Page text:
Agent Zigzag was centered around a single character, and was excellent. Operation Mincemeat was written around a relatively small operation, and I enjoyed it as well. Double Cross attempts to use the similar character-based (fiction-like) writing style, but becomes lost in (what feels like) hundreds of characters throught Europe who are somehow associated with the massive D-Day invasion. "Page after page" seemed to revolve around minute details about individuals- what secretaries looked like, their interests, their demeanor, etc. Just as I began to form a picture of a person, it felt as if we moved on to someone else. In many cases, I feel like I learned details about random people who never were mentioned again.
Narration was pretty good, although I agree with others who suggest that Russian & German "accents" were overdone.
I love biographies that don't read like fiction, and this is one of the best. No matter if you're not a huge tennis fan or barely remember Andre- I found myself disappointed that I had been so oblivious to many of these stories (thanks to YouTube, I've been catching up on many of the big events as I listened to this book).
Andre, of course. He's not perfect, and I wouldn't want to be him. His taste is music is awful, and appears to choose to be surrounded by an assortment of eccentric circus-worthy outcasts without even realizing it. Just like all of us, he's weird and flawed, and just trying to live the best life he can.
Narration is clear and well-paced (no need for 1.5x Playback speed here). Only "gripe" is his voice for female characters (it's the same for both of Andre's wives).
Sat on my Wish List forever- ended up blowing through the 18 hour book in only 2 weeks (while commuting & work-outs). No regrets.
I discovered Atlas Shrugged before this earlier work, which (I think) explains my minor disappointment/complaints. There are many similarities here, as a protagonist stands alone from the masses around them and big moments are spoken in court rooms media (Radio in Atlas Shrugged, Newspaper editorials here). Ayn's thoughts are simply better assembled and the story is more worthy of one's time in the later work IMO. Still, "The Fountainhead" is worthwhile read with top-notch narration (although I found 1.5x playback speed to be best using the iPhone App).
During "Atlas Shrugged," I found the little to support the popular criticism of Rand's philosophy and writing talents. During this work, I found myself frustrated and wanting to echo them at times.
While I found this to be less enjoyable than "Agent Zigzag," I was truly surprised to learn how effective this well-known operation was. Recommended.
I now think those guys fishing for crabs on the Discovery Channel have it easy.
Here are the valid points discussed in this book: 1. The American military-complex isn't organized, funded, or controlled like it once was (pre ~1980's). 2. There are serious issues to be concerned about with regards to the current system. Here is the author's "leaps" that bothered me: 1. Everything about American Security/Conflict would be OK if things were operated like they used to be 2. Much of our military is comprised of bumbling morons far less intelligent than she is...
I actually felt the book was a worthwhile read. While the author devoted many chapters to condemning the calculated evil plots of various political figures, I found myself wanting to defend the views of people I have NEVER agreed with in my adult life (that's right, Reagan/Bush/Cheney, I've got your back for this ONE time only!) :)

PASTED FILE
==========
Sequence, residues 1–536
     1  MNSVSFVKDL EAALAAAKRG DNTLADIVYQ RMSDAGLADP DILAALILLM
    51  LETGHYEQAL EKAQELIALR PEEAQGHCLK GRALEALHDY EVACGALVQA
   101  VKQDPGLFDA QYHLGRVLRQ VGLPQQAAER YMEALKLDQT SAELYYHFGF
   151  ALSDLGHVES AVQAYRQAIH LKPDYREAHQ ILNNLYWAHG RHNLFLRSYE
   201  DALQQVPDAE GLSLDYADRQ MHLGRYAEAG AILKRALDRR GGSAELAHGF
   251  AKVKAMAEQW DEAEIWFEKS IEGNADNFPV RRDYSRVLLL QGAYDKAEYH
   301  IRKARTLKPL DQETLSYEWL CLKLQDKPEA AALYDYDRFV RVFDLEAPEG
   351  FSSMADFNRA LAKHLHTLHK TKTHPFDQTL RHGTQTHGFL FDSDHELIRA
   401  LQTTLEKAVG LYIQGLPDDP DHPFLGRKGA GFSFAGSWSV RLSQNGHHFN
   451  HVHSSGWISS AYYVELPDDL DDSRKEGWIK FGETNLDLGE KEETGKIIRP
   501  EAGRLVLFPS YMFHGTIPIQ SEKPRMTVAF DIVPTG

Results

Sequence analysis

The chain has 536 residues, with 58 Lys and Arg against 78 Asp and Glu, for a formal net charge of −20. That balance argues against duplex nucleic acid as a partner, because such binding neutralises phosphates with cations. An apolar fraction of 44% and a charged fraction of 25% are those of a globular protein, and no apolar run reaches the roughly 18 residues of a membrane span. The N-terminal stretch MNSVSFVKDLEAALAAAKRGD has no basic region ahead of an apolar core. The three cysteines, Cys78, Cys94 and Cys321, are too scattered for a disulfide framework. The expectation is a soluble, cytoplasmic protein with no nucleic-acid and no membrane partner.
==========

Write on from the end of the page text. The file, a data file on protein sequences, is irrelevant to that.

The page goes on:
My first Neal Stephenson book, and it's hard to imagine how I might have been more disappointed. Small groups of people inexplicably crossing paths all around the world, endless gun fights with dozens of fatalities (except for any character important enough to have a name). I nearly stopped listening for good when a heroine and Middle Eastern Terrorist meet at gunpoint in the woods- only to have a wild animal come out of the woods during a critical seconds to attack the villain... and this absurdity repeats more than once. As far as the "connection" between the techno-MMRPG and the runaway "24" style terrorism plot... there actually isn't really any. I've give positive reviews to nearly every book I've ever listened too... couldn't force it on this one. REAMDE = Really Not Good.
Read this after Outliers- in addition to feeling "dated" (written 10+ years ago), I found many of the examples/stories to feel less connected than the later book.
Make no mistake: this is a complete, thoroughly researched, and well-organized account of one of the most infamous events of the Civil War. The Audible version is also well-narrated by Bronson Pinchot (that's right- "Balki" from Perfect Strangers). Unfortunately, I found myself constantly thinking about how many other Civil War heroes undoubtedly had far greater stories that were never told and/or never achieved the notoriety of this tale. It's not surprising that many of the movies, speeches, and books that previously dealt with this story felt the need to "embellish" the facts.
Perhaps not enough for a book here- I think I may have been more satisfied had it been reduced to Magazine Cover Story size. The Title of the book "gives away" the final decision related to the book's ultimate debate, and exemplifies the authors humorous writing style. I liked the "Astonomy 101" lessons that I took from the book, but grew annoyed at the excessive descriptions of the authors new-born daughter. (We ALL know that OUR kids are wonderful/funny/intelligent- I'd rather waste hours hearing about YOURS!)
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